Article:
Frank Buck Yeah. And you know, speaking of Feedly, before that, I use Google Reader. And then this announcement came across the screen. When I went to Google Reader one day. They were shutting down and see that’s, that’s what scares people that. What if I get attached to this, this digital tool? What if it goes out of business? Well, the day I read that, by the time the sun had set, I was using Feedly. I real quickly started doing Google searches about you know, what else does the same thing that Google Reader does, and Feedly started coming up again and again. And I researched that and it looked like it would work. And so I created an account. And I added all the stuff that had been in Google Reader just added over in Feedly. And same day, I’m up and going. So good tools are replaced by better tools. So when something sunsets, that’s actually a good thing because there’s something else out there that’s serving the purpose even better. That’s a really good way to think about it too. And you’re also making me think about the fact that if, if people are feeling intimidated by the idea of trying to hunt down some of these tools, that there are likely people around you that use tools and so look to the role models of organization and ask them. Yeah, and just you know, and ask questions, you know, you can do a Google search, but then you can also on, on Facebook, you know we’re good about saying hey, Who’s a, who’s a painter in such and such a city that does a real good job. And people are great about helping people with simple questions, straightforward questions, where they have a little expertise. And the person asking the question just simply didn’t. We’re good about helping each other. So, you know, just half of it is, half of is having the confidence that there’s going to be a good answer out there. And that all you got to do is ask the question, and it’s gonna be there.

Kim Meninger Absolutely. This is so helpful. Frank. I really appreciate your time and your insights. Are there any final thoughts that you want to share?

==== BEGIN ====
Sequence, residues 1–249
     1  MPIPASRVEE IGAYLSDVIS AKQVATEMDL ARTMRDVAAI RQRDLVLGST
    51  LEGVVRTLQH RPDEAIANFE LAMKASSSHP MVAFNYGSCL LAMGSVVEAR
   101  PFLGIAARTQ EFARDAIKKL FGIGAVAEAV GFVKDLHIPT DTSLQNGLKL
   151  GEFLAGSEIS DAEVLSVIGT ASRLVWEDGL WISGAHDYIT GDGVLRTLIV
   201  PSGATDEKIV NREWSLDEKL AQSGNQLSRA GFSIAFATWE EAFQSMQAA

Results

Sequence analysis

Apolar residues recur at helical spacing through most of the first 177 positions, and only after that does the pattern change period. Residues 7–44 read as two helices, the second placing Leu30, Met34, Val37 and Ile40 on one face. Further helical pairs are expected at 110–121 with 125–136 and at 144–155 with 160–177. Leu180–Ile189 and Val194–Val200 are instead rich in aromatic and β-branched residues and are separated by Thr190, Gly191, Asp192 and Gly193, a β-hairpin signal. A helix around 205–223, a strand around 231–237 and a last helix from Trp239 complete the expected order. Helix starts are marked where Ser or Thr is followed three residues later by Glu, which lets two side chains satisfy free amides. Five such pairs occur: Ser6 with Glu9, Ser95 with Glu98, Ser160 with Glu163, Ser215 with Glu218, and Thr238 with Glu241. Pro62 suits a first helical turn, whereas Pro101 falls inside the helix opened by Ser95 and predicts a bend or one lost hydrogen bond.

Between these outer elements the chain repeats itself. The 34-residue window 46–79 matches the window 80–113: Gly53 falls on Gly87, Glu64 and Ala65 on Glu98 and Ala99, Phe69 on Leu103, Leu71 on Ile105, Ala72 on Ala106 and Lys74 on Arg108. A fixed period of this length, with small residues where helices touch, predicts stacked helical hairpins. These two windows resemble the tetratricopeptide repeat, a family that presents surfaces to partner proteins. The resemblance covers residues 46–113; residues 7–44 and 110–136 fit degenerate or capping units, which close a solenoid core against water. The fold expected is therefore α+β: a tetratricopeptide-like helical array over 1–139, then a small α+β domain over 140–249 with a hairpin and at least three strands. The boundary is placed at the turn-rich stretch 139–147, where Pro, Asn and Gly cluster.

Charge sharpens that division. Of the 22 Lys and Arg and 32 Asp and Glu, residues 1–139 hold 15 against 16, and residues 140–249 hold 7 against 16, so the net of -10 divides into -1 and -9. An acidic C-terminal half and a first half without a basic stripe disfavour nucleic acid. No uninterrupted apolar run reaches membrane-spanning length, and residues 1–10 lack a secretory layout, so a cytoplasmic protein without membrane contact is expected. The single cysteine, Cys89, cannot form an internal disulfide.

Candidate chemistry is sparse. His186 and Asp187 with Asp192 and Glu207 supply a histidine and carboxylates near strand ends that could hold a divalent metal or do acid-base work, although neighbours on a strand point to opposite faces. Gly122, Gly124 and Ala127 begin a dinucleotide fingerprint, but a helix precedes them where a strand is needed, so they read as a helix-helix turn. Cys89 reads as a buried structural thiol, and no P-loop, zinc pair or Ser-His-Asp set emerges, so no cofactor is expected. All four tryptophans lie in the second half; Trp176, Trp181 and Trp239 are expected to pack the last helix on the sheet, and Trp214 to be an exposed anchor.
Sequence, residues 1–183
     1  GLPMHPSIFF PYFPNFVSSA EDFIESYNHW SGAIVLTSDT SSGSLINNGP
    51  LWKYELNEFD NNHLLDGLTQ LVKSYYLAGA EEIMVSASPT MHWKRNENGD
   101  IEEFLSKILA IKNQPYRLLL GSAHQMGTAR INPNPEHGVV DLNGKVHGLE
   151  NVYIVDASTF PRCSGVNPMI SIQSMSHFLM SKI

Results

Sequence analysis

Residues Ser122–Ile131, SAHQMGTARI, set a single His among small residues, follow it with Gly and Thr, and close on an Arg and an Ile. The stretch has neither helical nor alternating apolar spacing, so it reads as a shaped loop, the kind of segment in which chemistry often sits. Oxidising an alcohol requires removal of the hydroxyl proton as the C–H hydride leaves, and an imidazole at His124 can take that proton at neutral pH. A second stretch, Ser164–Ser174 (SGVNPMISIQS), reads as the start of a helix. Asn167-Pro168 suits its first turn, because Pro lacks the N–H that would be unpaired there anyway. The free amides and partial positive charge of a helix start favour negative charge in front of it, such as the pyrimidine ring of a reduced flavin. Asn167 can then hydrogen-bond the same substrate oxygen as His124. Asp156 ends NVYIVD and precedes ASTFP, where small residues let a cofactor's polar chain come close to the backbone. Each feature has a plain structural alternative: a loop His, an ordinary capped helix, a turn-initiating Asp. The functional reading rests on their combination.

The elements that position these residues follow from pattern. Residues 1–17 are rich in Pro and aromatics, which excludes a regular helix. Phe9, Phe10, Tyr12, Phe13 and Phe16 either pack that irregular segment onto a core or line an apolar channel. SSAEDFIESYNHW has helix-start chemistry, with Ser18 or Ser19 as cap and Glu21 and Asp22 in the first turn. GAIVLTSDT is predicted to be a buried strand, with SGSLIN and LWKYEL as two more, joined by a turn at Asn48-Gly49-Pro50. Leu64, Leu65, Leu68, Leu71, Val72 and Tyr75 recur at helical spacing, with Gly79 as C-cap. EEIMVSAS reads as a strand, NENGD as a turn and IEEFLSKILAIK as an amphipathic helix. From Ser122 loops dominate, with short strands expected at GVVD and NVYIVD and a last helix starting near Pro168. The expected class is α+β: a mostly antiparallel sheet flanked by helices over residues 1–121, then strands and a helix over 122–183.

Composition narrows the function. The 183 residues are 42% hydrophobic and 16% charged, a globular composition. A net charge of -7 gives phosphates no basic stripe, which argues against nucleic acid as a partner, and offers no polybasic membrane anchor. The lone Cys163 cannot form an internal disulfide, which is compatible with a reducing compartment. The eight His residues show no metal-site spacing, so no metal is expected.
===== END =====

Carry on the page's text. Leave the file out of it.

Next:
Frank Buck Gosh, you know, and we have covered so much. Of course, the theme here, the theme of the show is the impostor syndrome. And you know how to how to get past that. And hopefully, we’ve, we’ve given you some tools, some, some thoughts that are going to help you to get past the overwhelm. Because it’s not that you’re an impostor. It’s that there’s, there’s, there’s all this sort of underbrush, that’s there that you just got to get through. So you have some of these digital tools, a good digital task manager, having the tickler file to handle the papers. Life doesn’t have to be as hard as we sometimes make it. So the one thing in as we depart my website when people say, Well, how can we learn more,, that’s my website, go there. And first thing, get on my email newsletter list. Every Tuesday, I email to the list with little things that I am reading about that I like, and I do a new video/podcast/blog post/newspaper column, once a week. And so one of the things that’s in that weekly email is letting people know where they can find that new piece of content that, that has been written. And people will hit reply on that and they’ll ask me a question, and I’ll hit reply and answer them. I’m certainly not too good that I’m beyond answering individual readers. It’s kind of flattering, actually. So please, would love to have the traffic over our way at Get on the email list, you’ll read about several books that I’ve written, one that came out in January of this year called Get Organized Digitally, as you might expect, that just really goes in-depth into the digital tools that I use on a daily basis that make my life easier. And that I think will make life easier for other people as well.

Kim Meninger Well, I think those are great resources, Frank, and we’ll link to those in the show notes as well for anybody who’s interested. And thank you so much for sharing with us. I think I’m certainly leaving this conversation feeling better and I’m sure others are as well.

Frank Buck Kim, it has been an absolute pleasure. Thank you so much for having me.